Girard’s insight was that we fight not because we’re different. We fight because, through mimetic desire, we want the same things. If you watch twenty toddlers run into a room filled with toys, it will not be long before they are fighting over just a few of them. As adults, we do not outgrow this behavior; we merely become more sophisticated at it.
[ . . . ]
At first, I wondered if Girard was saying humans lack free will, that he was asserting we are simply apes, aping the behavior of those around us. Not at all. Girard was exhorting us to understand the nature of our desire and to take responsibility for it.
Read the whole thing.
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Ravi Gupta: How Liberals Lost Their Way on Affirmative Action
Affirmative action was intended to level the playing field tilted by past discrimination. At Persuasion, Ravi Gupta writes that, despite its promise and potential, affirmative action ended up leveling too many Asian-Americans by simply instituting discrimination under a different name.
Applicants to Harvard are now principally evaluated using five ratings: academics, extracurriculars, athletics, recommendations, and personality. The most objective of the measures, the academic rating, is composed of the student’s standardized test scores and grade point average. The personality rating is far more subjective and is based on an admissions officer’s appraisal of each applicant's capacity for various character traits such as likeability, courage, and integrity through a review of alumni interviews, high school recommendations, and admissions essays.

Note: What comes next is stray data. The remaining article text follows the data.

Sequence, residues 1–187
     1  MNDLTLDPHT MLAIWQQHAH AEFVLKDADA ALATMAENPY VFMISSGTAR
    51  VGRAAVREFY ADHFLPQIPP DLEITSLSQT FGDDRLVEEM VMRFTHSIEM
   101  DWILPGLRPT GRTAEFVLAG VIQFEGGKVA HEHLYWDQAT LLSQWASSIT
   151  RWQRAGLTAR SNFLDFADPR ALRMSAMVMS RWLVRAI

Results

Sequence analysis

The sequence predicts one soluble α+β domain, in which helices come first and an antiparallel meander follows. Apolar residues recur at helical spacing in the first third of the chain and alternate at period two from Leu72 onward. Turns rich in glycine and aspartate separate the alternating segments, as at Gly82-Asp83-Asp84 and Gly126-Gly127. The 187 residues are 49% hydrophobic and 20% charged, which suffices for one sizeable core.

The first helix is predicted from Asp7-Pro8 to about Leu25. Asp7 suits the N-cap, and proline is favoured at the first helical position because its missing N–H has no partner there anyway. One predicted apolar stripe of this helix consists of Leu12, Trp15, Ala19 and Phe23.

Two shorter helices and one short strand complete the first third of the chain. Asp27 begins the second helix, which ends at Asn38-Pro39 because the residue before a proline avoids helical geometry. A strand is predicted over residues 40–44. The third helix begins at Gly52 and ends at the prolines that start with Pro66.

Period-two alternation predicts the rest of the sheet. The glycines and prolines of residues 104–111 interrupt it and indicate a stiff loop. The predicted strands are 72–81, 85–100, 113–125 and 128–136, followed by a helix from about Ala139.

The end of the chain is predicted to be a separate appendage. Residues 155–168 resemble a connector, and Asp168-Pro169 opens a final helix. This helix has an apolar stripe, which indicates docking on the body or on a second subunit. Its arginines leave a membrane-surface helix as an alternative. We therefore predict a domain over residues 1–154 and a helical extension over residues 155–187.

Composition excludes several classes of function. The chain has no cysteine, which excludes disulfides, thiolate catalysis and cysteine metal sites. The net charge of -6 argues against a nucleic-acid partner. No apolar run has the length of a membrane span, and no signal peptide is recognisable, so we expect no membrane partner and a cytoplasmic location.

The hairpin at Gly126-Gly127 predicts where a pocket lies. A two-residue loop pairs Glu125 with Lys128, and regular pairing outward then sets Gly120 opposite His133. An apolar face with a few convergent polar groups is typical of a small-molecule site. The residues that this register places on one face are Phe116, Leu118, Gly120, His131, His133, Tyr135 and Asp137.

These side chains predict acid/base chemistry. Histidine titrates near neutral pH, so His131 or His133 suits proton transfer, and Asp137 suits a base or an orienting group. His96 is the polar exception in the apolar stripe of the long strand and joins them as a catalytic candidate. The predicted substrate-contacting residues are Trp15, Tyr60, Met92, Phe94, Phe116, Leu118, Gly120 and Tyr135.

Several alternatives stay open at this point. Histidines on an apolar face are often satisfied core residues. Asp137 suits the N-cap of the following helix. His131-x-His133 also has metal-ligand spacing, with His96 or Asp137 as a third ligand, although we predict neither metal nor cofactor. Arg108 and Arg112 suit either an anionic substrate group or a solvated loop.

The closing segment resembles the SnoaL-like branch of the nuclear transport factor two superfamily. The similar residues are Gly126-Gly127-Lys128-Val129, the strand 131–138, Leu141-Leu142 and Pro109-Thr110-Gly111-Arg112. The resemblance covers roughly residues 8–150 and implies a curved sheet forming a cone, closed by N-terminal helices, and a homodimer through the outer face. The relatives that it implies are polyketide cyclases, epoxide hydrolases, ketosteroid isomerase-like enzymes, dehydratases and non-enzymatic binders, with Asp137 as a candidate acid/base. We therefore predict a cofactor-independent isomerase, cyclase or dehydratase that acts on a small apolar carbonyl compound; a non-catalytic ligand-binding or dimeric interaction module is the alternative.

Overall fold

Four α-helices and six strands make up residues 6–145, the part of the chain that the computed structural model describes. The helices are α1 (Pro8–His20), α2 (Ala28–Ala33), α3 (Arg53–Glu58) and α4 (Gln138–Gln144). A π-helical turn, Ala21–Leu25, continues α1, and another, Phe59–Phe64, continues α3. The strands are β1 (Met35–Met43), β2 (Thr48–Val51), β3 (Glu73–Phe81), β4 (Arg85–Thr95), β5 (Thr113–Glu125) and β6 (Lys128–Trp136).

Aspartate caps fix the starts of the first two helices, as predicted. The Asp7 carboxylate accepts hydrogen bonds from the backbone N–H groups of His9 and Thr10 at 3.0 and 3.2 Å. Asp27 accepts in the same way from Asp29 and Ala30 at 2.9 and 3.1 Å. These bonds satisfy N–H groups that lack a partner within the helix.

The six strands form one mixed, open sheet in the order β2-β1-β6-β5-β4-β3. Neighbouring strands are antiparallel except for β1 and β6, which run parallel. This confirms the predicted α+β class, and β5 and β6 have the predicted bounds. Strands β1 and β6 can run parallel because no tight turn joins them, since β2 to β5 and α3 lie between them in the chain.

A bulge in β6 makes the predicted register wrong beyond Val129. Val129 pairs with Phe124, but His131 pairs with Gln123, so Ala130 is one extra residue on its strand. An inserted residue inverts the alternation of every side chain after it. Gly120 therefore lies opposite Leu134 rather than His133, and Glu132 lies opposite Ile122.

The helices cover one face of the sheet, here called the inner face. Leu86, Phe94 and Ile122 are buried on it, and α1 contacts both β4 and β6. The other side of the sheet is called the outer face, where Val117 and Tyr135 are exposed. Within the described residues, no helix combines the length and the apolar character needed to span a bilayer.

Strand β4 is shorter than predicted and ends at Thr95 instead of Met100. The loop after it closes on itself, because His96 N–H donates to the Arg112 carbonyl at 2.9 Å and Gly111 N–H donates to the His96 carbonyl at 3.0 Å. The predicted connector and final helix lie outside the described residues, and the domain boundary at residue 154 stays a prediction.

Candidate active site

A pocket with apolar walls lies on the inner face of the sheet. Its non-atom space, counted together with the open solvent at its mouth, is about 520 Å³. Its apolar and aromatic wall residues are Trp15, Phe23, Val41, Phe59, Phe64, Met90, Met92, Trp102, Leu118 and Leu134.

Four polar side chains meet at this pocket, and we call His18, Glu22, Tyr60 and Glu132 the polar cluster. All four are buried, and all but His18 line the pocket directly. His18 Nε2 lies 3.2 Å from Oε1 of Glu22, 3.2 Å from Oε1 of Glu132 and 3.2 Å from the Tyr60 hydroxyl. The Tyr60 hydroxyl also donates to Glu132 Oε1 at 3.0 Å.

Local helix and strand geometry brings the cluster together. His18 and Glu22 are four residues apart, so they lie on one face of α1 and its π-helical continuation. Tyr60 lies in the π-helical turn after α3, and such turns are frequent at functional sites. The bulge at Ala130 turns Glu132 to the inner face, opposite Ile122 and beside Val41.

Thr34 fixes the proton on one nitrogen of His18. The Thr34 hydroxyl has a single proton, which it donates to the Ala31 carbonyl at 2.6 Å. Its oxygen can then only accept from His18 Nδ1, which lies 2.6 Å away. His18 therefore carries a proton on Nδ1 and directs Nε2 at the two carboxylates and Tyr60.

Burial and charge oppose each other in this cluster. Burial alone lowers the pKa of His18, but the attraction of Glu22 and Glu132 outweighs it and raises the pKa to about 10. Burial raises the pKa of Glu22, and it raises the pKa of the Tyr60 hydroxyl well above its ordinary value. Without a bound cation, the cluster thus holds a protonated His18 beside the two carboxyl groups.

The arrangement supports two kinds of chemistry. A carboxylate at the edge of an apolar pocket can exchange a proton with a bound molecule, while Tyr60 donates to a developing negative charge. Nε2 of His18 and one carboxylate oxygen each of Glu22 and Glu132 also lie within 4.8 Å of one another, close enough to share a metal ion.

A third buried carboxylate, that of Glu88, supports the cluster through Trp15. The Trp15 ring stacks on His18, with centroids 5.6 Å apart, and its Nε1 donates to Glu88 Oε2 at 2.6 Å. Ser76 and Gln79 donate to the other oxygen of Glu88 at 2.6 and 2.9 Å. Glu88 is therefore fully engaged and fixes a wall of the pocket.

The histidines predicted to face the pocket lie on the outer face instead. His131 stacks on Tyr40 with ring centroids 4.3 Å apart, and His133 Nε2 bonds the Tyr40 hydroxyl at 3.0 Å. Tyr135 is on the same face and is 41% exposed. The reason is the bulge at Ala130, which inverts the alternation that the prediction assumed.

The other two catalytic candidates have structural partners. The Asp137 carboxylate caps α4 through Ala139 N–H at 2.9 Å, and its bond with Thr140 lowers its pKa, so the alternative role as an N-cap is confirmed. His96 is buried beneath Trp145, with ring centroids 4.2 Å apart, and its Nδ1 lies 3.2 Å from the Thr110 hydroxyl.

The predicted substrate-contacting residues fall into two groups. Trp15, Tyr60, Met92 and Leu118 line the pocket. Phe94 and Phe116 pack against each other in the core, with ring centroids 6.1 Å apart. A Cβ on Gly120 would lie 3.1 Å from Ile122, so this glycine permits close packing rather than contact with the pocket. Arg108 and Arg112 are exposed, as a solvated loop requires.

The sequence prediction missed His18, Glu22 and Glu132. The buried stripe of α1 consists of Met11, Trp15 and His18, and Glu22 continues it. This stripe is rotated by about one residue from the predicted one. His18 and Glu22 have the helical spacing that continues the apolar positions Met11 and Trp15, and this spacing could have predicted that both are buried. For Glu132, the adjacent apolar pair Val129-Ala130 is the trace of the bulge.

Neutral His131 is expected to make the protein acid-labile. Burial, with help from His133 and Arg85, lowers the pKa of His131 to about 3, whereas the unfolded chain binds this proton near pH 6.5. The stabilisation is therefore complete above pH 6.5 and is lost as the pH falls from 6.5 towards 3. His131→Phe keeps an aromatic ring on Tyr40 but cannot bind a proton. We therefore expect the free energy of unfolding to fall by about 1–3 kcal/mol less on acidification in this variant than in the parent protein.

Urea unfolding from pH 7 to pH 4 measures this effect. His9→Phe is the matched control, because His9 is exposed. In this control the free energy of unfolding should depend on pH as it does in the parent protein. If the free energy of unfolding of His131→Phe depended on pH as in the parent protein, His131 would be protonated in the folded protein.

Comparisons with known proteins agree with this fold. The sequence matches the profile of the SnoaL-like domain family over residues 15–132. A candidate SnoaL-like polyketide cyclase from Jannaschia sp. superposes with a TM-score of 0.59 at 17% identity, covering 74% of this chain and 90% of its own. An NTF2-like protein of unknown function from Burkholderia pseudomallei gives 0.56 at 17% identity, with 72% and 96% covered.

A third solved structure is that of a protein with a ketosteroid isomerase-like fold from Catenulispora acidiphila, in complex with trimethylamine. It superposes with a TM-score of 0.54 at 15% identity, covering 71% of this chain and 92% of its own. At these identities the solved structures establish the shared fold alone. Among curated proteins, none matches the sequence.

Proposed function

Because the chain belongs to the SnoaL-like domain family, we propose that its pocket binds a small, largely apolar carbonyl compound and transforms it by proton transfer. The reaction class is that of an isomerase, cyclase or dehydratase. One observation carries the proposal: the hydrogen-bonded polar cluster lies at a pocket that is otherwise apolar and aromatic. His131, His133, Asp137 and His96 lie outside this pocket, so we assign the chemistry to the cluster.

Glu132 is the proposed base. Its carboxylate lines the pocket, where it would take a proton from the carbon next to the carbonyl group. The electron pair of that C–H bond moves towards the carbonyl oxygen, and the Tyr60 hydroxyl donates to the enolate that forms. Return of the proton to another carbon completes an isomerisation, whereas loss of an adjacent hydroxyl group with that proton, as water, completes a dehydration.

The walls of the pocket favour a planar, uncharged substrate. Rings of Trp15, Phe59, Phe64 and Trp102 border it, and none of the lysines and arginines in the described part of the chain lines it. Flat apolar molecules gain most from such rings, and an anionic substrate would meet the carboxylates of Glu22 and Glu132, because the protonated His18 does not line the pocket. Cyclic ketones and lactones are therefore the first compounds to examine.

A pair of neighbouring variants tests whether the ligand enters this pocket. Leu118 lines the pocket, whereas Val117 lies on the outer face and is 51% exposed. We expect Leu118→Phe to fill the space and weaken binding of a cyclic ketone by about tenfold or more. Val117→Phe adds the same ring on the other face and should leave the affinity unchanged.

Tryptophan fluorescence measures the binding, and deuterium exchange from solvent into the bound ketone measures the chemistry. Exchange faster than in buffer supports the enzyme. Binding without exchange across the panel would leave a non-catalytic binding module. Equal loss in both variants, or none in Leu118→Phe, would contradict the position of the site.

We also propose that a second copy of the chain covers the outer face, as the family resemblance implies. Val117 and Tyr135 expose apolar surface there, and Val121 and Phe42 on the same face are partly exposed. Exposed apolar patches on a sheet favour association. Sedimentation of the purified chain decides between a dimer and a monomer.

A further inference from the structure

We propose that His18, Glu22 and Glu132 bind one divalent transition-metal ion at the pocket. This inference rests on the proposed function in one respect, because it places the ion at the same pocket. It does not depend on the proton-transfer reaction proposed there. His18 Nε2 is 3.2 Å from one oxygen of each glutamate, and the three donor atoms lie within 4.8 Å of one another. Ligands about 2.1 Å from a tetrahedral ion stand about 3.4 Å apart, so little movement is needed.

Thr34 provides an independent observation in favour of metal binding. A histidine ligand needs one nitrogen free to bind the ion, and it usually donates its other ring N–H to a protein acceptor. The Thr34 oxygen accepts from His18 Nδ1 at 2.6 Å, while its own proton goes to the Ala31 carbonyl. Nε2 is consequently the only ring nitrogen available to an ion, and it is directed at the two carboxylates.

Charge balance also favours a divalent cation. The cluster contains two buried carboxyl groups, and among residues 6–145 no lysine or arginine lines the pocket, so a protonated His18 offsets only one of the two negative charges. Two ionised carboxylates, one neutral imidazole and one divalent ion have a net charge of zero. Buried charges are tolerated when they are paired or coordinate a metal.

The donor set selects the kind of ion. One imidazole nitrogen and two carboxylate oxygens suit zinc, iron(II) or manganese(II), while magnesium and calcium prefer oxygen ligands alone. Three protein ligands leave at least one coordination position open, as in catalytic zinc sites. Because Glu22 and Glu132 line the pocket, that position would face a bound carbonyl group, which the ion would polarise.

SFFA believes that discrimination against Asian-Americans mostly took place in the personal ratings. To illustrate that point, they hired Peter Arcidiacono, a Duke economist, to delve into Harvard’s data from the past decade.
[ . . . ]
[W]henever a measurable and observable metric is used, Asian-Americans do well, but whenever discretion is given to admissions officers and they don’t have to be transparent about their process, the advantage for Asian-Americans mysteriously vanishes. This would be like Usain Bolt beating his nearest opponent in the 100-meter sprint by a full second, only to lose the race because judges felt he didn’t run with enough effervescence (an actual trait Harvard claims to look for in its personality ratings).
I asked SFFA’s former Executive Director, Cory Liu about this discrepancy. "The personal rating is another way for them to consider race," Liu said, "to further amplify the overall consideration of race and to get to the results they want." To Liu, even if we took Harvard at their word that they intend the personal rating to be race-neutral, that would give rise to the question of implicit bias. "If the person thinks they're being race-neutral," Liu said, "but actually the results, year after year, show that Asians are disadvantaged, then maybe there's something wrong in the evaluators’ eyes and perhaps students who come from immigrant backgrounds who spoke two languages at home, maybe they're going to be a little less confident or a little less outgoing because they've struggled to fit in and things like that."
Read it all.
Glenn Greenwald comments on how the Internet and the rise of massive tech companies muddies the waters on the left and right regarding free speech, monopolies and censorship:
Out of the COVID-lockdown protests in China comes a new symbol of oppressive regimes - blank pieces of paper:
And finally, Elon Musk teases the release of internal Twitter documents to lay bare the company’s history of speech suppression: